The luxS gene is not required for Borrelia burgdorferi tick colonization, transmission to a mammalian host, or induction of disease

Jon S. Blevins, Andrew T. Revel, Melissa J. Caimano, Xiaofeng F. Yang, James A. Richardson, Kayla E. Hagman, Michael V. Norgard

Research output: Contribution to journalArticle

25 Scopus citations

Abstract

luxS mutants of Borrelia burgdorferi strain 297 naturally colonized their arthropod (Ixodes scapularis) vector, were maintained in ticks throughout the molting process (larvae to nymphs), were tick transmitted to uninfected mice, and elicited histopathology in mice indistinguishable from that induced by wild-type B. burgdorferi.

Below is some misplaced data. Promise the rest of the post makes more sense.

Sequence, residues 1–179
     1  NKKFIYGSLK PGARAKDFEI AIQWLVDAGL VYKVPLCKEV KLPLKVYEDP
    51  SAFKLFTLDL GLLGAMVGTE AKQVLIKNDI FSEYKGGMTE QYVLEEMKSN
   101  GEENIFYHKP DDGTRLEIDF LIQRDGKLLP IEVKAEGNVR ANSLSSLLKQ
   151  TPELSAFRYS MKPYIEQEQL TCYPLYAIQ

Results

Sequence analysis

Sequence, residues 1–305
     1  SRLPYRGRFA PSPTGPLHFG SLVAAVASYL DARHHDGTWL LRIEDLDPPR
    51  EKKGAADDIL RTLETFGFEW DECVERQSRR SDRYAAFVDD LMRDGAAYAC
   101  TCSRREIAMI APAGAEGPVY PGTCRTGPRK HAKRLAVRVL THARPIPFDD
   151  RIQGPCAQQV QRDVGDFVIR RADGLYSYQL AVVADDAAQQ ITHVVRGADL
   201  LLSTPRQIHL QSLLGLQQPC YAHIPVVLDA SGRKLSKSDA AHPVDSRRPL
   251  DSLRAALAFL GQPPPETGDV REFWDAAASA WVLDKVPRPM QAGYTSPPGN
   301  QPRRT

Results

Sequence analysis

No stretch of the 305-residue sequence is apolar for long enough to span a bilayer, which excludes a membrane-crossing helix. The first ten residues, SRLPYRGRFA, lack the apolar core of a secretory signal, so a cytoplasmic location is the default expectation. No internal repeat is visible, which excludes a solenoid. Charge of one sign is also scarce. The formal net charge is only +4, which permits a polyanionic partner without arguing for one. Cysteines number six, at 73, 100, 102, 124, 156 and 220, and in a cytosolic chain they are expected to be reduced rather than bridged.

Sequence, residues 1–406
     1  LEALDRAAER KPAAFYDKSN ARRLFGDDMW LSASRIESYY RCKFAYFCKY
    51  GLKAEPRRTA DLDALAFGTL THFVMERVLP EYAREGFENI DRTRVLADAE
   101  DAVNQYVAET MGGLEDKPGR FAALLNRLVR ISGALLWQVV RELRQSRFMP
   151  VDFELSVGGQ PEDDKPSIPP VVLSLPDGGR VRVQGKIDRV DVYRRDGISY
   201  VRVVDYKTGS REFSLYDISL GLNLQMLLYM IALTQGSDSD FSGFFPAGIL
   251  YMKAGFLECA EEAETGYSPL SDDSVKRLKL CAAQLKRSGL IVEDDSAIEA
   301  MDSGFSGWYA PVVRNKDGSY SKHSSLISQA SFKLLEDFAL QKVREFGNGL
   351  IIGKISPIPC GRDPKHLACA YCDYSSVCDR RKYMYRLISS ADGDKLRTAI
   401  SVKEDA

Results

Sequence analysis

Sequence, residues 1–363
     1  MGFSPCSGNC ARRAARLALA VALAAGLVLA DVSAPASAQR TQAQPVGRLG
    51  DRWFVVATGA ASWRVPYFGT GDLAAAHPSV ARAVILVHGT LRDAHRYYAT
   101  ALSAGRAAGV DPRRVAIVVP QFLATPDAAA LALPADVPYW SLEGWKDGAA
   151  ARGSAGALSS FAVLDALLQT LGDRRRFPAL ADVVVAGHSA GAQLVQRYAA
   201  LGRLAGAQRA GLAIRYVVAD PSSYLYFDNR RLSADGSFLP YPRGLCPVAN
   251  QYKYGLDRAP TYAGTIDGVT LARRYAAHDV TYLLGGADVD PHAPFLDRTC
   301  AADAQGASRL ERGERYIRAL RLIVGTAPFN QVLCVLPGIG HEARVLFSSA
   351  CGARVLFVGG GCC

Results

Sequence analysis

Original languageEnglish (US)
Pages (from-to)4864-4867
Number of pages4
JournalInfection and immunity
Volume72
Issue number8
DOIs
StatePublished - Aug 1 2004

    Fingerprint

ASJC Scopus subject areas

  • Parasitology
  • Microbiology
  • Immunology
  • Infectious Diseases

Cite this